Young people want to save for their futures, but balancing priorities has proved challenging during a time of economic instability.
Shea German-Tanner tries to put a portion of her paycheck, even if it is only $50, into her savings account. But most of the time, she has to reroute the cash back to her checking to afford her expenses. Ms. German-Tanner, 22, has about $600 in her savings account right now and has not started saving for retirement.
“Everyone’s telling you to save money and do this and invest, and I feel like I can’t do that because I’m living paycheck to paycheck,” said Ms. German-Tanner, a social worker in Fort Wayne, Ind., who makes about $40,000 a year. She said she felt that inflation had impeded her ability to save money.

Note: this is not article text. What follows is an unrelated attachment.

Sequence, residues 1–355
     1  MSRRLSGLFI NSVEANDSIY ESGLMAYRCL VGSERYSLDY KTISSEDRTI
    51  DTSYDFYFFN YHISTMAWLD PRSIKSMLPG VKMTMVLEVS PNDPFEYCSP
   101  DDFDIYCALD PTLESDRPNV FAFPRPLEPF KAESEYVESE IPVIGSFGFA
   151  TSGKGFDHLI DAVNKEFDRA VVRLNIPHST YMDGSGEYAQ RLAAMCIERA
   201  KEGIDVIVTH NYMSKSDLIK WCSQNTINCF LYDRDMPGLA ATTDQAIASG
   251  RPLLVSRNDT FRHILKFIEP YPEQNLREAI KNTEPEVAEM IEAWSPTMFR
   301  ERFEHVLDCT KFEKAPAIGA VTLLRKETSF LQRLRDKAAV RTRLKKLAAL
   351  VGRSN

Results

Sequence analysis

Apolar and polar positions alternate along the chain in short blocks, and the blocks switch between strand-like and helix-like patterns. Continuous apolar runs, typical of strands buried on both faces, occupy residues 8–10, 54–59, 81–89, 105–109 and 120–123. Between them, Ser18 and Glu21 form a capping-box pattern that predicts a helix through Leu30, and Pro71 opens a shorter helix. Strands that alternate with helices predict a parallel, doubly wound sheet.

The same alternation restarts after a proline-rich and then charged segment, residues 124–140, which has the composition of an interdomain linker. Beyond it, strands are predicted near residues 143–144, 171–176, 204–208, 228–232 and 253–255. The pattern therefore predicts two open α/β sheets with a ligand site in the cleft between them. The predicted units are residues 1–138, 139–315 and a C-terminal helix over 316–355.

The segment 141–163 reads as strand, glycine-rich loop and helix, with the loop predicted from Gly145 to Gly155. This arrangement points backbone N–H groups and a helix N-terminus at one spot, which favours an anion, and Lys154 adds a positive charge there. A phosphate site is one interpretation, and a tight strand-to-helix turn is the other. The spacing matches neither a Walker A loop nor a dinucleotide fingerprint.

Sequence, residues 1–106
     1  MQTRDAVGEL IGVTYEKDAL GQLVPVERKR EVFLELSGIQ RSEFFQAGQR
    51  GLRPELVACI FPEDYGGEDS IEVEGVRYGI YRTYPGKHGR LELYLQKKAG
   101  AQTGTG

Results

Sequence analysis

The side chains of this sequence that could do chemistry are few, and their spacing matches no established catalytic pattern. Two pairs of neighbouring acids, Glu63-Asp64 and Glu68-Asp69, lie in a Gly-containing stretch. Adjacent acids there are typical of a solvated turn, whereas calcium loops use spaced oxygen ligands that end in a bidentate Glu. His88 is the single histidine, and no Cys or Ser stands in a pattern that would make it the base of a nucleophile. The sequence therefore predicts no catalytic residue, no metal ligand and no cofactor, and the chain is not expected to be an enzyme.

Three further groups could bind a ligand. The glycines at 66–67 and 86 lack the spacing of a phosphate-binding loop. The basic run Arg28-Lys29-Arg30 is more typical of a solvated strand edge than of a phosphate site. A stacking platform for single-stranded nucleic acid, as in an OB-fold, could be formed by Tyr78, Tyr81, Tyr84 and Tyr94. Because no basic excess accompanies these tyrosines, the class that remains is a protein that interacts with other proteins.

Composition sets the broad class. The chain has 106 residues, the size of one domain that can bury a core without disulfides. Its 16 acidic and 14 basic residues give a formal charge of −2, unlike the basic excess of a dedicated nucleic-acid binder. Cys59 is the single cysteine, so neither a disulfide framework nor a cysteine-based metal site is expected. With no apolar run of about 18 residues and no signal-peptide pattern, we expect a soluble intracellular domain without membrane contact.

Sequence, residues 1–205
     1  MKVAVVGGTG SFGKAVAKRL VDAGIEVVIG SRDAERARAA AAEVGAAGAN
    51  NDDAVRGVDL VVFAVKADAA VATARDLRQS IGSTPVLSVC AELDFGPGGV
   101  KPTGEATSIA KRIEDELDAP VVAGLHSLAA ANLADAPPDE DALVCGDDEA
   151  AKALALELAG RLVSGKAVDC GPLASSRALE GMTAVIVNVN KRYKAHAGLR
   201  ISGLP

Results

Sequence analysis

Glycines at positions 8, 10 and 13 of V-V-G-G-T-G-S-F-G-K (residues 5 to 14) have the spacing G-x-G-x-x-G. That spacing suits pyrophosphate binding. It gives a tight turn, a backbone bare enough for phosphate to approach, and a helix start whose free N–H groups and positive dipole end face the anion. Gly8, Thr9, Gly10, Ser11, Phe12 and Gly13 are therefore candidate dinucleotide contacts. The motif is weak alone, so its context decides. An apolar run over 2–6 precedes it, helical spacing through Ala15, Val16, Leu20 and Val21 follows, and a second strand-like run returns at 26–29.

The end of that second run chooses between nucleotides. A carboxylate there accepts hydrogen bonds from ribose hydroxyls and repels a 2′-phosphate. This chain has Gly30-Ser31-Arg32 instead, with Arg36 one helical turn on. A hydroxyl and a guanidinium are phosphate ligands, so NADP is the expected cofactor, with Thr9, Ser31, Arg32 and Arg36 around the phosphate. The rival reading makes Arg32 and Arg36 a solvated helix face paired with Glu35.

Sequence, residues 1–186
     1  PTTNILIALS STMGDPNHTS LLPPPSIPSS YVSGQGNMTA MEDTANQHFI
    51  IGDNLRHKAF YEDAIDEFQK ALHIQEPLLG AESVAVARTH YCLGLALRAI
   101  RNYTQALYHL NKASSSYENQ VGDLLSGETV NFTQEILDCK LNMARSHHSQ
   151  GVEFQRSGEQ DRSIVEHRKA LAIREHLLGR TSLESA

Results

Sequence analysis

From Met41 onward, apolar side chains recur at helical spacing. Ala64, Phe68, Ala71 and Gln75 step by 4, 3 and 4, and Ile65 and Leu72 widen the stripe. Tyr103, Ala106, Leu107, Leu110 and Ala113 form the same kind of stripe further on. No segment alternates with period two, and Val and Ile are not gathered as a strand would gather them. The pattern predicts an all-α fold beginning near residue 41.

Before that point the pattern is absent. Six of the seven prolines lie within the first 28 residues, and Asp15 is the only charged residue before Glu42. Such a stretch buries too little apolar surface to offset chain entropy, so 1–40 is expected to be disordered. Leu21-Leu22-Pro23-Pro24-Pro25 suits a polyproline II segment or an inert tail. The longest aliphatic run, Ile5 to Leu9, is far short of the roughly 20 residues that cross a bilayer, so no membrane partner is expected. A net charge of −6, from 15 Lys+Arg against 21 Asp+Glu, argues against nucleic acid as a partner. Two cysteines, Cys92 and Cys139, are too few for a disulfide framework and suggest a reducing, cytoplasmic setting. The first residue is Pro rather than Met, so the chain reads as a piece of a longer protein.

Young people who are just starting to get their footing as they enter adulthood are grappling with how to balance their incomes and spending priorities so they have money left over to save for emergencies and retirement. Worrying about saving has always been hard for 20-somethings who begin their careers at the bottom of their earning potential. But saving is especially difficult right now because on top of student debt, housing and food costs remain high even as inflation has started to cool.